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Divided We Stand

Divided We Stand
New book about the 2020 election.

Tuesday, December 11, 2018


In Defying the Odds, we discuss state and congressional elections as well as the presidential race.   California is an important part of the story.

With nearly $37 million spent in total, the battle for the open seat in California’s 39th District takes the cake for the most expensive non-special election House race ever.

Winning Democrat Gil Cisneros, a Navy war veteran and Mega Millions lottery winner, poured more than $9 million of his own money into his campaign and raised $2.8 million.

The Paul Ryan-aligned Congressional Leadership Fund (CLF) made Cisneros its top target during the general election, buying $6.2 million in ads — including several roughly-$1 million ad buys in October — attacking the Democrat.

Deciding that the best defense is a good offense, the Nancy Pelosi-aligned House Majority PAC (HMP) spent $2.8 million in negative media buys against Republican Young Kim, most of which came during the same time as CLF’s spending spree. The Democratic Congressional Campaign Committee (DCCC) dropped another $2 million into the race to help Cisneros.

In California’s 48th District, losing incumbent Rep. Dana Rohrabacher was on the wrong side of $11 million in outside spending, the most in opposition spending of any non-special election House candidate in U.S. history. The 15-term congressman endured attacks from almost every major liberal super PAC in existence, these ads focused particularly on his denial of climate change and his frequent trips to Russia.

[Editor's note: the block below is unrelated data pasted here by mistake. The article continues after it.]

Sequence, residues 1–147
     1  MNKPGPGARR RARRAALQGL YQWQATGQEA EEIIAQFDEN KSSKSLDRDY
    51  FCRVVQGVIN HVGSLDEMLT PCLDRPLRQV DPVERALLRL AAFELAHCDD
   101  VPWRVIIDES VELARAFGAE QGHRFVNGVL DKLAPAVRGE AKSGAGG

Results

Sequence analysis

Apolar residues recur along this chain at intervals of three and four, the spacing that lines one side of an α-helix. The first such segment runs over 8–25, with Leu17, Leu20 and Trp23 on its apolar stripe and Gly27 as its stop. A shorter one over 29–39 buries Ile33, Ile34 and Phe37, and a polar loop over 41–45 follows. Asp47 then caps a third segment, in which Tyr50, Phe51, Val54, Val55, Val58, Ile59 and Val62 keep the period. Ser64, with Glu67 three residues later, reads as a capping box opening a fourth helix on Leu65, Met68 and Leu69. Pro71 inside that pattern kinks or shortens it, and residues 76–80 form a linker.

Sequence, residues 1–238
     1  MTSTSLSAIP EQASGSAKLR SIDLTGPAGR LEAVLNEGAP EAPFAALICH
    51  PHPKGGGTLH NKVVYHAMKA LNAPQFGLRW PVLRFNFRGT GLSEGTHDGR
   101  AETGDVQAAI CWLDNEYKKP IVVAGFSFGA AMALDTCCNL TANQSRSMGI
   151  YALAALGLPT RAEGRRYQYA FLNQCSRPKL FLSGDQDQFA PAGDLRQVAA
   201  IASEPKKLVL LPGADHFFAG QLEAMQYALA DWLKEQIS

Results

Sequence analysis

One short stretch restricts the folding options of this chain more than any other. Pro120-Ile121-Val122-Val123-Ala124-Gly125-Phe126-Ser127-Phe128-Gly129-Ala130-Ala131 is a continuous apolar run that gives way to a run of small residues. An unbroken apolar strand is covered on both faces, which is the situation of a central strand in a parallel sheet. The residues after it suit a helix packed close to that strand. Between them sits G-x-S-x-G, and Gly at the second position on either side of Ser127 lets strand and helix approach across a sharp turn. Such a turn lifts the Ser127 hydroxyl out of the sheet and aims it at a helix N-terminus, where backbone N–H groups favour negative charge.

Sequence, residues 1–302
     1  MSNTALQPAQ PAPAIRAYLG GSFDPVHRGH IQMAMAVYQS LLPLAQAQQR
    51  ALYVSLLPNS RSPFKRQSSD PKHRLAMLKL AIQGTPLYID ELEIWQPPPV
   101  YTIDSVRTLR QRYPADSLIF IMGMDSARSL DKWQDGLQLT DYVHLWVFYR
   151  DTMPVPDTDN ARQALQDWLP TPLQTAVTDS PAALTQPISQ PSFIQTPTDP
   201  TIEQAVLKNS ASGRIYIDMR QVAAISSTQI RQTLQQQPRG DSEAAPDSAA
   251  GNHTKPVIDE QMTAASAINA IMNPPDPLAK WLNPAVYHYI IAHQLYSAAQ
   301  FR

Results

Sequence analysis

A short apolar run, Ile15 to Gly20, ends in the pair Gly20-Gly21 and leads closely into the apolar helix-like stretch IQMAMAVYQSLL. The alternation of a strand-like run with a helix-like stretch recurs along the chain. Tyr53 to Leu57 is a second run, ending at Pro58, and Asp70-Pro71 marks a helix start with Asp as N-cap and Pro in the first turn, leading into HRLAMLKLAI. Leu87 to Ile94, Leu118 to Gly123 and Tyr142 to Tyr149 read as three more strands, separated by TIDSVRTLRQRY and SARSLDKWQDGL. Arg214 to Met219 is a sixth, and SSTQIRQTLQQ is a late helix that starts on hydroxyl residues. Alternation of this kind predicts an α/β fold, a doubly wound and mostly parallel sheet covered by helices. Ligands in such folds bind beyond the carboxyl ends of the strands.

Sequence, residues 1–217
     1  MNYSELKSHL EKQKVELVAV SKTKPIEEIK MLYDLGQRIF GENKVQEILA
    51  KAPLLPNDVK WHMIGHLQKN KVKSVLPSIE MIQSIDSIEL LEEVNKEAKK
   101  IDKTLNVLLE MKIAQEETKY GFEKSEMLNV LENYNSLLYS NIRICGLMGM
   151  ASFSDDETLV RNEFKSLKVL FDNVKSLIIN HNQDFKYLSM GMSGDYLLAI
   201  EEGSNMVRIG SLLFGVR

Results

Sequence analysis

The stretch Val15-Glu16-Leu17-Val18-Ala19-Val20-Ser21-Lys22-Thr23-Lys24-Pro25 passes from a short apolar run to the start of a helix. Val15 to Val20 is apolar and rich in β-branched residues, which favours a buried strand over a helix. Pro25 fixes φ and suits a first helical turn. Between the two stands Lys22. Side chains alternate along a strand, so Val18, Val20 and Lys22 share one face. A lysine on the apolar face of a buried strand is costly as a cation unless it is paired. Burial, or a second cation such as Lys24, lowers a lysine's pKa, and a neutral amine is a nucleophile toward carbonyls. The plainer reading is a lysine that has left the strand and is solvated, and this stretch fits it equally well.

Among the environmental-focused super PACs, Independence USA spent a race-high $4.5 million in attack ads against Rohrabacher.
A new post-election survey in California’s 48th Congressional District shows that efforts by LCV Victory Fund and its allies to highlight Dana Rohrabacher’s record of denying climate change and opposition to climate action as well as efforts to protect California’s air from pollution were extremely effective in helping propel Harley Rouda to victory over a 15-term incumbent. Voters volunteered Rohrabacher’s position on climate as one of the top reasons for their vote against him, and voters who recall hearing LCV
Victory Fund’s message on climate and air pollution were significantly more likely to vote for Rouda when controlling for partisanship
Joe Mozingo at LAT writes that Orange County was not just Republican, but that it also represented a flamboyant brand of often-extreme conservatism.
With Rohrabacher winding down his last days in Congress after his defeat in November, his departure will mark the end of an outsize Orange County export to the nation: The extreme anti-communist politico whose fears of Soviet domination and anger at American cultural change conjured a litany of bogeymen — gays, liberals, feminists, Latinos, African Americans, Jews, Muslims.

“Dana was the last of them,” said Fred Smoller, associate professor of political science at Chapman University. “That’s why his defeat was so enormous.”
The first wave of demographic change in Orange County knocked Dornan out of office in 1996, when Democrat Loretta Sanchez took that seat.

But Rohrabacher was secure in his mostly white, deeply Republican district. He was not nearly as caustic as Dannemeyer or Dornan, who used to call him a “fruitcake.”

“Dana Rohrabacher came out of the Reagan Revolution, and he really reflected Orange County conservative politics for a generation,” said Mark Baldassare, president of the Public Policy Institute of California, a nonpartisan think tank, and former pollster at UC Irvine. “I think he reflected the values of his district for a long time, and those values changed as it became more politically and demographically diverse.